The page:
Another thing to remember is that Protestants always believed in the ancient conciliar pattern of church authority, inherited by the apostles from the Jews. It is not enough for you to investigate the case for sola Scriptura against the papacy -- you also have to look at the biblical basis and history of conciliarism, over and against the papacy. The Protestants simply maintained and carried forward the conciliar strand of the church that had continued to press against the ever-growing claims of the papacy throughout the medieval period. That's why the early Protestants called so many assemblies, wrote so many confessions and liturgies, and so forth. In doing all of this, they were just acting like the church of the apostolic and patristic eras, which everyone agrees is the most united period of church history, and yet which functioned without a pope, or universal bishop, of any sort. As late as the 590s, Pope Gregory said that any bishop who claims universal authority is an anti-Christ (a label the Reformers picked up on the 16th century). Roman Catholic attempts to explain away his charges are just not convincing. Likewise, and even earlier, you have Cyprian, who (circa 250 AD) grants primacy to the Roman see, but not supremacy, and in fact says that every bishop is a legitimate successor to Peter's chair. He simply did not accept, or even know of, anything like what the Roman Catholic church upholds as the papacy today. And yet he is one of the most prominent fathers from the so-called "golden age" of the pre-Constantian church.


Catholics seem to forget that there was a very strong conciliar movement running through the medieval period, right up to the time of the Reformation. Conciliarists  believed the church's authority was found in a council of bishops, not the singular pope. According to conciliarists, there could be a first among equals in the council, and that first among equals could even be the bishop of Rome, but authority itself was found in a plurality of churchmen, not one man. Conciliarism (re)gained strength in the 14th-16th centuries because of things like the Avignon papacy (when there were multiple popes in multiple locations, all vying for authority, and no one could say for sure who the true pope was); the realization that the "Donation of Constantine," which had done so much to prop up the authority of the papacy, was actually a forgery; and, to be frank, the fact that many of the popes in the late medieval period were corrupt jackasses who clearly had no business holding any office in the church, much less the highest one.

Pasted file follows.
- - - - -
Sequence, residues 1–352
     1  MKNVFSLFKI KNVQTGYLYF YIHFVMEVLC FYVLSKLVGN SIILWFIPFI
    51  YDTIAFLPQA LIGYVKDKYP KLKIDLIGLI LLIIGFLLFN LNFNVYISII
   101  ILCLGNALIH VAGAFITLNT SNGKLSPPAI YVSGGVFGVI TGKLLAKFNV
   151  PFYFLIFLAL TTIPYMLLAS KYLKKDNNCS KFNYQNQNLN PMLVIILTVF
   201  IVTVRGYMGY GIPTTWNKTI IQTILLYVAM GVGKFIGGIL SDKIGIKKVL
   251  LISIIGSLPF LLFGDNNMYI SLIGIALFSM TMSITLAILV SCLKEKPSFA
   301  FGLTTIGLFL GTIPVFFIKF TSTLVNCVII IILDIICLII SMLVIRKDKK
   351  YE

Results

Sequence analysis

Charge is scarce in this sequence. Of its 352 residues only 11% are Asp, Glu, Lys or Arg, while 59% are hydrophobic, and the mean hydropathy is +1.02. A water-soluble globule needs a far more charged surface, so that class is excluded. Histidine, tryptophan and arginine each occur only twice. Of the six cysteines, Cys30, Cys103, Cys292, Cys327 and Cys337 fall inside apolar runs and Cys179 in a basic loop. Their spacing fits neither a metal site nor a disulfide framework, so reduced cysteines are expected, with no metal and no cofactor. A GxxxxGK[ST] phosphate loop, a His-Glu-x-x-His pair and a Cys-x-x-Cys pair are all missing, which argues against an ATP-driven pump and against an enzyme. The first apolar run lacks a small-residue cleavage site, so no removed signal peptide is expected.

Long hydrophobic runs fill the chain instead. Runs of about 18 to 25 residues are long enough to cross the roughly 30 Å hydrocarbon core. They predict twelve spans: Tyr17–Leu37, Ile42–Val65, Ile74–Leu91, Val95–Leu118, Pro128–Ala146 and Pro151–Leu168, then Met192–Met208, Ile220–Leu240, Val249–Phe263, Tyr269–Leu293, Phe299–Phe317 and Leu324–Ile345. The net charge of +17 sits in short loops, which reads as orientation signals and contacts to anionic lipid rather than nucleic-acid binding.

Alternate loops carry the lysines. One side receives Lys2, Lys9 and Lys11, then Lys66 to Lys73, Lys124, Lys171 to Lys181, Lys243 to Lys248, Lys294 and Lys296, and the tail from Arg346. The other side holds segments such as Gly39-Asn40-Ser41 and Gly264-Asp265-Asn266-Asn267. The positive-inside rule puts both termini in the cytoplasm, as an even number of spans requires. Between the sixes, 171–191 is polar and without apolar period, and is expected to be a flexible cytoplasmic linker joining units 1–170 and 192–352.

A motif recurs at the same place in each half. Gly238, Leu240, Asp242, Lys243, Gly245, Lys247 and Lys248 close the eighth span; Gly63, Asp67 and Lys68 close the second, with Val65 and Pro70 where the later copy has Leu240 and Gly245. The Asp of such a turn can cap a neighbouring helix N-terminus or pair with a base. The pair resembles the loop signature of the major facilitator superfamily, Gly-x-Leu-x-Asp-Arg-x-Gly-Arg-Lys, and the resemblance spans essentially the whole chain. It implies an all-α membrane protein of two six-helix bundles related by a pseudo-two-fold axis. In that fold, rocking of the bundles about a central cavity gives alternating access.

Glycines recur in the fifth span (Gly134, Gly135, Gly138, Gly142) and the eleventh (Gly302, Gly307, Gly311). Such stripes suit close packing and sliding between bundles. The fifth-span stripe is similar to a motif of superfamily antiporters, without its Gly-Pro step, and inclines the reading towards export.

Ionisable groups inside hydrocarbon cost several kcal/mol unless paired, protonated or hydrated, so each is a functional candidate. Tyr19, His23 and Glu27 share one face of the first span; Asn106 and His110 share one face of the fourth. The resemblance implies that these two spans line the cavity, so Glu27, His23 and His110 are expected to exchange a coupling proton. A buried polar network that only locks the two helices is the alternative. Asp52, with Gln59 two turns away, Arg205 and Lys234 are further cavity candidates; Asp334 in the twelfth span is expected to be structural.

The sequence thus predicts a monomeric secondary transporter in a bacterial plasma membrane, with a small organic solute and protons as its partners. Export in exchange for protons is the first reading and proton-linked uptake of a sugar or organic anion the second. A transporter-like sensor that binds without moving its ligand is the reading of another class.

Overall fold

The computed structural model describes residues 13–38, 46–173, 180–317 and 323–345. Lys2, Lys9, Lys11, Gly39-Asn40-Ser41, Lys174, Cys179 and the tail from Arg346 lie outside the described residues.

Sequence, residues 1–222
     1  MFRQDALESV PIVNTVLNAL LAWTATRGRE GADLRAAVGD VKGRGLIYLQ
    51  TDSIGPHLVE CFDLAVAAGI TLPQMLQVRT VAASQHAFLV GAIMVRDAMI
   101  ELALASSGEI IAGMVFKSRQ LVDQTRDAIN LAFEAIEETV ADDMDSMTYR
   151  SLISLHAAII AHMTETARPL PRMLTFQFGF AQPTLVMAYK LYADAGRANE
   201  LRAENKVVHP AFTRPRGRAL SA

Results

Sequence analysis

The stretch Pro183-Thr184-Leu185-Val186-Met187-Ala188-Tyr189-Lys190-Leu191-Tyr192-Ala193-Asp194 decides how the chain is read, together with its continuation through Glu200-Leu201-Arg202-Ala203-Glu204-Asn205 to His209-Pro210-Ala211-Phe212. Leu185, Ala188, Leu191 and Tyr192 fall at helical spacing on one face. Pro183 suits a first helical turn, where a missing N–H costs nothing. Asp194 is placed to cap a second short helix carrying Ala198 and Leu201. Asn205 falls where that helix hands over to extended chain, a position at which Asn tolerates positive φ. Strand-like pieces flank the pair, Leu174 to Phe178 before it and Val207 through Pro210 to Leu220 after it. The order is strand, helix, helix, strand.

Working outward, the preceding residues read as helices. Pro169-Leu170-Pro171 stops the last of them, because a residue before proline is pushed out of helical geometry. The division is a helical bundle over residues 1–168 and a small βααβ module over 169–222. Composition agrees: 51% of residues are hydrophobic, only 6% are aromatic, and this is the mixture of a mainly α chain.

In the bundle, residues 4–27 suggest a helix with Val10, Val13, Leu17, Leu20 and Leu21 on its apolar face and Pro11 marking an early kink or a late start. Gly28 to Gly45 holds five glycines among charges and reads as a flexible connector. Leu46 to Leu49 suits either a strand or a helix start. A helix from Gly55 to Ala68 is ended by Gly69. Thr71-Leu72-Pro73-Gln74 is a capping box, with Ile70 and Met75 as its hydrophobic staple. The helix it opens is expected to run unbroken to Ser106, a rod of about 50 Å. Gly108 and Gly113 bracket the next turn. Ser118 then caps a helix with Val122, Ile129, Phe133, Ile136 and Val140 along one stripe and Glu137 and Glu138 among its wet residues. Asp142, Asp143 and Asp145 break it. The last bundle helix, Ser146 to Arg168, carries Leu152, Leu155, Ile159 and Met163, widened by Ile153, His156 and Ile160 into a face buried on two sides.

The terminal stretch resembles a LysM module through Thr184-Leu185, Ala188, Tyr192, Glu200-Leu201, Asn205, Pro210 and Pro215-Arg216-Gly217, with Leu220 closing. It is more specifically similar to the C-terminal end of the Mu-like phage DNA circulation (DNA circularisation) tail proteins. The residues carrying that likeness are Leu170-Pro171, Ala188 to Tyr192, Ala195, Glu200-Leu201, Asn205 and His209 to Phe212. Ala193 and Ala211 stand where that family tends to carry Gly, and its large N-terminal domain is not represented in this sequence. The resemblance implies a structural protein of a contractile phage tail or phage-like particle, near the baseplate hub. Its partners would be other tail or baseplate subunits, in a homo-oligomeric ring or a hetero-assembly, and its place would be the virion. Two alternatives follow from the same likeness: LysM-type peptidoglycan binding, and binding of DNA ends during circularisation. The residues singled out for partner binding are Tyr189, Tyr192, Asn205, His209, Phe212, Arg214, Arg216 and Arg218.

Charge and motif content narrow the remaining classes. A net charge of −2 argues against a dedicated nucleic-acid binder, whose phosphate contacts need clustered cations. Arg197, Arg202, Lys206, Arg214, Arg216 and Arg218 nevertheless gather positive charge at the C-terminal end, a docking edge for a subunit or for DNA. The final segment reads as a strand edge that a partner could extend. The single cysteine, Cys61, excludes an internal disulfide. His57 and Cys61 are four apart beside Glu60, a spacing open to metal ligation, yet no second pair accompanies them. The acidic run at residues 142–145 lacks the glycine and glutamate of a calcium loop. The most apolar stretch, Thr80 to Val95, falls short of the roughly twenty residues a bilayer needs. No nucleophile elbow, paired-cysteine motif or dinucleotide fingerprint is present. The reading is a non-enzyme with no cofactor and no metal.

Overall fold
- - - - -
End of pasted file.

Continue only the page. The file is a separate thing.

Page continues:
Again, all this means it is not enough to study Sola Scriptura if you want to understand how biblical and ecclesiastical authority relate in the Protestant mind. You also have to study conciliarism. The question is not just, "Does sola Scriptura work?" but "Does conciliarism work?" The place to start, of course, is with the first ecumenical council, in Jerusalem, recorded in Acts 15. Read Acts 15 and ask yourself, "Does look like what a Roman Catholic council would look like, given the role of Peter, James, and Scripture in the council's proceedings?" Of course, you also have to look at Nicaea in the 4th century, where the bishop of Rome played no significant role at all. What I find decisive about these two councils -- which are arguably the ONLY two councils that ever had any real lasting success -- is that they arrived at a universally accepted consensus in an entirely "Protestant" way. In other words, if you ask the question, "How do Protestants think church debates should be settled?" the answer is, "Just like they were settled in Jerusalem and Nicaea." But neither council had a pope! Both councils relied on godly men working towards a consensus, based on experience, tradition, and, obviously, the study of Scripture. The Holy Spirit in each of these cases gave the church what she needed apart from the whole Roman Catholic apparatus. We can trust the Spirit to continue to lead the church in similar fashion today.